If a person left a will when they died, it’s necessary for someone to deal with the deceased’s money, property and possessions according to their wishes. The government expects that person to apply for permission to do so.
In British law we refer to this as an Application for Probate. This term leaves many reaching for Google.
The word ‘probate’ came down to us from the Latin word ‘probatum’ meaning something ‘tried, tested and proved’. If the Probate Court approves of the applicant for probate, then they receive a Grant of Probate.
A Grant of Probate basically says ‘go on, get to it’ in plain English. However there is an implicit understanding the person receiving the permission must be able to justify their decisions, if called on to do so.
This article describes how the process works in England and Wales. Scotland and Northern Ireland manage deceased estates in different ways.
Situations When an Application for Probate is Unnecessary
If the deceased did not leave a will, then someone must apply to be the Administrator of their estate. If not, then their assets will remain ‘in limbo’ until the government appoints someone to sort it out.
It may not be necessary to apply for probate or to be an administrator at all, if the deceased’s assets were held jointly, or their premium bonds were worth less than £5,000.
How to Go About Administering an Estate with a Will
It goes without saying a non-legal person may find some of what follows challenging. The law expects them to do their utmost best not to leave stones unturned. It could be prudent to obtain specialist advice where you are uncertain about something.
# Locate the will and satisfy yourself it is the original, final, witnessed statement of their intentions
# Place a death notice in The Gazette. This official record is sufficient proof you have tried your best to locate creditors before distributing the estate to beneficiaries. If you don’t, you could be liable for any debts that surface later.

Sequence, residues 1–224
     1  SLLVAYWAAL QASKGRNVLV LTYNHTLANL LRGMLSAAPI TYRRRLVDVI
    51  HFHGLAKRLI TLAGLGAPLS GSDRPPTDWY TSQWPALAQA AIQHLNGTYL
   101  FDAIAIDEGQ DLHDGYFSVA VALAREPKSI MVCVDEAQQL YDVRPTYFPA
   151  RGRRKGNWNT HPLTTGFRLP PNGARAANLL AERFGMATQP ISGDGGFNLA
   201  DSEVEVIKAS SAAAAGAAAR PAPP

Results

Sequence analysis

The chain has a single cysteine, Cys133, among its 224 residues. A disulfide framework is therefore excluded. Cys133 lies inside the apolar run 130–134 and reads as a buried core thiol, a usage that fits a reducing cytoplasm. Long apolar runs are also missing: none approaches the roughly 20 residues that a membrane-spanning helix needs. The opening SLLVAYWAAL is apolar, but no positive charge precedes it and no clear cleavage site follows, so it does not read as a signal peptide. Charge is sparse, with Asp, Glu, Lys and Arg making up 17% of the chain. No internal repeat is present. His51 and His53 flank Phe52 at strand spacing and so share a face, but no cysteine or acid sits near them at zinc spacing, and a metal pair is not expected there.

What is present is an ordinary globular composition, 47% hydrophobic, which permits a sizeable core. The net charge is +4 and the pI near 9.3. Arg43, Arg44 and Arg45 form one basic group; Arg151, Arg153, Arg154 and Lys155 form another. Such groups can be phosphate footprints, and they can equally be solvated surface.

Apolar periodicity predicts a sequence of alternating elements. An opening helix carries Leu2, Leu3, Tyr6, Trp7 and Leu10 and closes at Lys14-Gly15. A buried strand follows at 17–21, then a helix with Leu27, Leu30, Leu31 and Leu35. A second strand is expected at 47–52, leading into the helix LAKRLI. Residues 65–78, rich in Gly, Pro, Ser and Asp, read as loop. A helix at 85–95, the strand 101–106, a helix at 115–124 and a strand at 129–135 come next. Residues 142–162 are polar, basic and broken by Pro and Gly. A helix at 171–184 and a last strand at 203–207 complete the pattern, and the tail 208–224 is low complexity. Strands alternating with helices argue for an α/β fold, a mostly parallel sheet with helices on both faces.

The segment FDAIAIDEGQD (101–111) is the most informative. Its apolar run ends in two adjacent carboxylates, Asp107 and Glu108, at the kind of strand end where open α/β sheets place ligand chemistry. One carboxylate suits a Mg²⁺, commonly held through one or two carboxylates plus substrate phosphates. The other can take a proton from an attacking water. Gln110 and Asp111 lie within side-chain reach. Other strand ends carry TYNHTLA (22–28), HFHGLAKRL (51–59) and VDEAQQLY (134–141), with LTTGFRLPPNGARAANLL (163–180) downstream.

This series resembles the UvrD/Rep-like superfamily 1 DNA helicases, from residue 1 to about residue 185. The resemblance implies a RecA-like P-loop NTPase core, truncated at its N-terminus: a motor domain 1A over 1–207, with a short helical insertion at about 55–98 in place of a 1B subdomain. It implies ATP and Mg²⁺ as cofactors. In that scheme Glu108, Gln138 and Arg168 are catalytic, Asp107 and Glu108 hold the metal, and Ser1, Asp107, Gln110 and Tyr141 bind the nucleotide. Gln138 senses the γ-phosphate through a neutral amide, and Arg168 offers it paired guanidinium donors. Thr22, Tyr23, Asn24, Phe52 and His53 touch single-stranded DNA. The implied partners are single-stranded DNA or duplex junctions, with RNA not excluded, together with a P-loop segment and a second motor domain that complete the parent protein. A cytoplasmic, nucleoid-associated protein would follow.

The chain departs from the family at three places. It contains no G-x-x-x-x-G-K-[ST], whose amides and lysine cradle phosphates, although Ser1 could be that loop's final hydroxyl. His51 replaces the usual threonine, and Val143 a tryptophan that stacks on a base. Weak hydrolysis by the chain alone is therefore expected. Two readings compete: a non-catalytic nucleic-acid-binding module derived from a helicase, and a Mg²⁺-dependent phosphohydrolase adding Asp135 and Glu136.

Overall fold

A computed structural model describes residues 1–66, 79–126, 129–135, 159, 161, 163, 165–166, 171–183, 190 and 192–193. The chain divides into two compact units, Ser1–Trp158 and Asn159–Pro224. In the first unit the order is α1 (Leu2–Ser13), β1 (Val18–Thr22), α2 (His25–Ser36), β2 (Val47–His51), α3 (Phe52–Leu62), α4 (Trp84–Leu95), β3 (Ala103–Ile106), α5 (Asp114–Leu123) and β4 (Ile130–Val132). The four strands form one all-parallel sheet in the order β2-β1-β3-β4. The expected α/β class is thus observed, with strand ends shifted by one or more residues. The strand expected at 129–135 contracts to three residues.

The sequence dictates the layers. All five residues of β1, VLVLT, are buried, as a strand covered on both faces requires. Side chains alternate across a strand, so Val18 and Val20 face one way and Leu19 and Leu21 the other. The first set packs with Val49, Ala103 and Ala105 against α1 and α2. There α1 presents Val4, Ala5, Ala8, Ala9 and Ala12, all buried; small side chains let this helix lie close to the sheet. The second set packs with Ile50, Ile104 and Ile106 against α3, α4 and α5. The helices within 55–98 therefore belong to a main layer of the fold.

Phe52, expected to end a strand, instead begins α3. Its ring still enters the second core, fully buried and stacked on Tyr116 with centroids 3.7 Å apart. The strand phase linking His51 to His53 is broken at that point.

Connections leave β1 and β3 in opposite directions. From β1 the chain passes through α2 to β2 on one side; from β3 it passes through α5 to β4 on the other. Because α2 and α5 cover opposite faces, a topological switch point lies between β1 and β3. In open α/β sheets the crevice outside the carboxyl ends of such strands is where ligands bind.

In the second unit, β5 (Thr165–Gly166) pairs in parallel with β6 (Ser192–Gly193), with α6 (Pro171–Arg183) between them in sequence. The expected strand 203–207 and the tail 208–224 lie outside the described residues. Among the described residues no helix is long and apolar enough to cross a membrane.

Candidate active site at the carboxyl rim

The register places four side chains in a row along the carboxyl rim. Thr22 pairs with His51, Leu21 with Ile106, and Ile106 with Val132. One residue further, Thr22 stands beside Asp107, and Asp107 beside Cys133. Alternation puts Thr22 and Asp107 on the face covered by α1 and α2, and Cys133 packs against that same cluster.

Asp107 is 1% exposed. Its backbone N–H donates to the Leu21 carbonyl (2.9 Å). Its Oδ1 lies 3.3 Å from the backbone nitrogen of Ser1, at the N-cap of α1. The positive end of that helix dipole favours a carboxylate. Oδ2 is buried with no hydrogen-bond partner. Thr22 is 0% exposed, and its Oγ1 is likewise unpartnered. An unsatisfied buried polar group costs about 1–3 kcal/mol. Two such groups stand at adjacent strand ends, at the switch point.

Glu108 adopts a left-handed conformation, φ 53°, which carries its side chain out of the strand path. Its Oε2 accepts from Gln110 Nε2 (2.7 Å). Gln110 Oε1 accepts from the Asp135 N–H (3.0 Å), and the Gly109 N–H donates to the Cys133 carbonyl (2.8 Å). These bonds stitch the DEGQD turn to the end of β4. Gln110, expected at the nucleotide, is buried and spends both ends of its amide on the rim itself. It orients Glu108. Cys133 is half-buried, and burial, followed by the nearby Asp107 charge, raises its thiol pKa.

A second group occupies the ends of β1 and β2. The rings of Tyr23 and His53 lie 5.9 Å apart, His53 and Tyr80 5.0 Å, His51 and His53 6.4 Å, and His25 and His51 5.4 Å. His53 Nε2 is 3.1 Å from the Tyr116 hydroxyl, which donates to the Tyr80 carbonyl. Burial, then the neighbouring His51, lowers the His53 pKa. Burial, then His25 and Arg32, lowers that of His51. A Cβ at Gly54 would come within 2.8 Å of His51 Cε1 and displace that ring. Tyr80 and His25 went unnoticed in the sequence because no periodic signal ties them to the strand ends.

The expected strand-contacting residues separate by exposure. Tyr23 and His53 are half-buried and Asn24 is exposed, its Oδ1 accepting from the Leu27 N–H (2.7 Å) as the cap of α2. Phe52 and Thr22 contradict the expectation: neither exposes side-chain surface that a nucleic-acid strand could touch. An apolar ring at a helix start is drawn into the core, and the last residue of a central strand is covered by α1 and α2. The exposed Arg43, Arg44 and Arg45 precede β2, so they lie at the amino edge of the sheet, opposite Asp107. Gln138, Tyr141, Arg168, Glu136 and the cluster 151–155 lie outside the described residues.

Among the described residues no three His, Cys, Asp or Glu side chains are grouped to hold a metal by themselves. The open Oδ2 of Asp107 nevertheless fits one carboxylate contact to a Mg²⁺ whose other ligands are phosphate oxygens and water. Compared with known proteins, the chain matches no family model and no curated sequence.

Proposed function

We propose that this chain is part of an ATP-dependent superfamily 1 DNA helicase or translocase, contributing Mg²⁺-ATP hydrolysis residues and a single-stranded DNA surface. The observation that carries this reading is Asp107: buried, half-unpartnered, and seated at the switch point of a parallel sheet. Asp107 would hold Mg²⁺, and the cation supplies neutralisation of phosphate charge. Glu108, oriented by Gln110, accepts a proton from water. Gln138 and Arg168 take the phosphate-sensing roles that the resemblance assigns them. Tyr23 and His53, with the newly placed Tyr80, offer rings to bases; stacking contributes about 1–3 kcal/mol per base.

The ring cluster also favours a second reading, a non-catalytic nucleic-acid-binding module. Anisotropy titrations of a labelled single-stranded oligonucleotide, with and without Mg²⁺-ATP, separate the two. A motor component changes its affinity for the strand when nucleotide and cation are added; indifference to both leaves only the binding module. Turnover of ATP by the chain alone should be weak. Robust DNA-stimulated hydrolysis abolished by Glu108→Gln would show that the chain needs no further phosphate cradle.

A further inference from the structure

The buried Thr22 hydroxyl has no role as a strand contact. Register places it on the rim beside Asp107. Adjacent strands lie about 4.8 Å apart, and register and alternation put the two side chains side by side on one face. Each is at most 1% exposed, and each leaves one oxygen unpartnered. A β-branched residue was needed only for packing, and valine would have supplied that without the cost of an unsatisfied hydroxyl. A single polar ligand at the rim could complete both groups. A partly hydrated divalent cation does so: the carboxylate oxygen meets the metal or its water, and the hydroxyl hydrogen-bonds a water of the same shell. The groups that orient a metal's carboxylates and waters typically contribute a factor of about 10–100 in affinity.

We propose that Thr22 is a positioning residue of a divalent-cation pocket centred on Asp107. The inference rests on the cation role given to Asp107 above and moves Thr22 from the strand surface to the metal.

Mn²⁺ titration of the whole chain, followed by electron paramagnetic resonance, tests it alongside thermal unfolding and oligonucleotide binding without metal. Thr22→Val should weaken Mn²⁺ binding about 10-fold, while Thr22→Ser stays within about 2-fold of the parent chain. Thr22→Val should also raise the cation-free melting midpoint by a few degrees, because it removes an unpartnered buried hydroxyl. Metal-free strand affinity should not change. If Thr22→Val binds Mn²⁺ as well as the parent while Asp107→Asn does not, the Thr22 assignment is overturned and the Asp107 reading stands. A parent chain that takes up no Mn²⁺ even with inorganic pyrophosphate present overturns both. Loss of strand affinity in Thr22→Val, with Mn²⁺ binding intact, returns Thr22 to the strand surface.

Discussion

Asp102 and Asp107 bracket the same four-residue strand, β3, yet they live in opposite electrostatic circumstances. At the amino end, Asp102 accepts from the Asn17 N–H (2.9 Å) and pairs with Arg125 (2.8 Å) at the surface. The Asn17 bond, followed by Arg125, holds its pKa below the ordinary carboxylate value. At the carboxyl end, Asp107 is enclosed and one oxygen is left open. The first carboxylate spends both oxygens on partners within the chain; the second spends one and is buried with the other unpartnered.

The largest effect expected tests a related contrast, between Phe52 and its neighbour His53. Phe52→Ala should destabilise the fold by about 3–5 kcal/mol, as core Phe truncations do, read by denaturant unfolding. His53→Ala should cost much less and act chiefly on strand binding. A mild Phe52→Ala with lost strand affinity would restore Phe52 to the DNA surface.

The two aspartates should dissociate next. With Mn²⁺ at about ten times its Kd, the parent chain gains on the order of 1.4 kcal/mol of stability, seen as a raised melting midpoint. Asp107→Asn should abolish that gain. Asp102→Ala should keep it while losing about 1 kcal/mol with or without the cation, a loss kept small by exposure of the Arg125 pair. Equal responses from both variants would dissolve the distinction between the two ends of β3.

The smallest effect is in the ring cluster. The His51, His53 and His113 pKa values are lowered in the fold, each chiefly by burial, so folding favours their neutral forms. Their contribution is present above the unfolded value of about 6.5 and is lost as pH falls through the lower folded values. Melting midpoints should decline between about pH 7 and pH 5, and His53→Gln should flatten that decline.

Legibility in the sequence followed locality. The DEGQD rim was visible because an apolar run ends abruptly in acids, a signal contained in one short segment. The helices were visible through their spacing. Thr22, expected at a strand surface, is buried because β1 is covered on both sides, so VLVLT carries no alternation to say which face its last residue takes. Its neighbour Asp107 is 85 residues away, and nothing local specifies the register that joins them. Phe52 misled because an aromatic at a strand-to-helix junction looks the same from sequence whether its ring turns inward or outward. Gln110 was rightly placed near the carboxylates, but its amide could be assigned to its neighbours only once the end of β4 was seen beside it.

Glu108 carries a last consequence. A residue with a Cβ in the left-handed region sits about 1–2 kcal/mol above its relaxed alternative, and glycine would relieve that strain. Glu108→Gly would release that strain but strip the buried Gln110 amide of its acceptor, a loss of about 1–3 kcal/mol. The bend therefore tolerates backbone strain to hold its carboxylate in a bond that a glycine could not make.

# Value the estate and report this to HMRC. They will decide whether there is any estate duty due. Valuing assets can be complex and it’s important to get this right. You may benefit from advice if unsure.
# Apply for, and obtain a Grant of Probate to proceed. The somewhat long form is simple in principle; however the quality of the information you provide is essential if you are to make a good job of this.
# Receive the Grant of Probate. Gather the assets together and secure them. Make a list of them all. Provisionally allocate any specifically left to a person in the will. Allow the beneficiaries to lay claims for the rest, at the values you determined.
# Pay any inheritance tax due to HM Revenue and Customs. Settle any debts, pay utilities etc. Also remember to obtain acknowledgements that these accounts are paid in full. Keep a record of all your decisions and actions as you go along,
# Finally, distribute the assets and cash in accordance with the deceased’s intentions. Make very sure you get this right. It can be difficult, and costly to correct mistakes.
That, in a Nutshell is How Wills, Probate and Inheritance Work
We hope you found this information useful if you are an executor or are waiting to receive an inheritance. We should like to add the disclaimer that the information in this article does not constitute binding or legal advice.